A plan to allow overnight guests in semipermanent tents on the grounds of the USDAN Summer Camp for the Arts in Wheatley Heights is getting pushback from its neighbors.
Camp officials are seeking a special-use permit from the Huntington Town Zoning Board of Appeals to add 70 sites to its grounds for camping use.
USDAN’s plan calls for guests to have the opportunity to spend the day in classes focused on art and nature and then stay overnight on the grounds “glamping,” an industry name for a style of camping with amenities. They are asking for 70 tents, which will be constructed of canvas on 20-by-12-foot wooden platforms and will feature a twin- or queen-size bed with linens. Officials said that to start about seven tents will be constructed.
USDAN executive director Lauren Brandt Schloss said the new program is a way to raise money for more scholarships for lower- and middle-income children.
“We looked at a number of options and we really loved this option because it’s completely aligned with what USDAN is and what USDAN’s mission is,” Brandt Schloss said.
A weekend stay at the camp will cost about $1,000, including the tent and the programming.
Michael Rosedale, whose backyard abuts the camp, said that while he supports the mission of the day camp he has organized opposition to the latest plan, including a petition with more than 700 names. Opponents have expressed concerns about fire, the burden on the water system and fears that people who are not campers may stray into neighboring yards and streets through the woods.
“My goal is to say there are some legitimate concerns of the community,” Rosedale said. “We’ve always been supportive of the camp, but this is changing the nature of the camp, which is a concern.”
USDAN, which opened in 1968, operates as an eight-week summer day camp and counts singer Mariah Carey and actor Lisa Gaye Hamilton among its alumnae. The 140-acre property on Colonial Springs Road is owned by United Jewish Appeal Federation of Jewish Philanthropies New York.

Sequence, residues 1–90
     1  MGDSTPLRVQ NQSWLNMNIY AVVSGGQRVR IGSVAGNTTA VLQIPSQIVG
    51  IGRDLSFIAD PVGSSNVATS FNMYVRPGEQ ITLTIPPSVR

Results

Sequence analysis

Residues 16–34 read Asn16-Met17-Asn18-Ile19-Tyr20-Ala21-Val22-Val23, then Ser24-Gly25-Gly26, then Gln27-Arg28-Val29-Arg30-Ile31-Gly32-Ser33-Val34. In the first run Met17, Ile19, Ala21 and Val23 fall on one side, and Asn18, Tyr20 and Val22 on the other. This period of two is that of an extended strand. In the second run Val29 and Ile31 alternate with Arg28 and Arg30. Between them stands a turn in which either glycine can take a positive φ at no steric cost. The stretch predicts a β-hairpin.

USDAN officials said no trees will be cut down, only the clearing of invasive species. Monitored security cameras will be used and fencing will be installed where appropriate. There will be no water or electricity at the tent sites. The season would be from March 15 to Nov. 15.
While coming to the facility for an overnight program is open to the public, Brandt Schloss said she believes the “glampers” will be drawn from the 40,000 alumni, their family and friends, former staff and people who are affiliated with the community and program.
Joe Levy, chief operating officer of USDAN, said any guest would be required to go through the same booking process to secure overnight accommodations: credit card information, identification and a security deposit.
Town officials said USDAN officials applied last year to the planning department to build 70 glamping units. The application was denied, and the applicant told to apply to the ZBA for a special-use permit under Huntington’s camping code.
A ZBA hearing is scheduled for 6 p.m. April 7 at Town Hall.
published 2022-04-09 18:03:16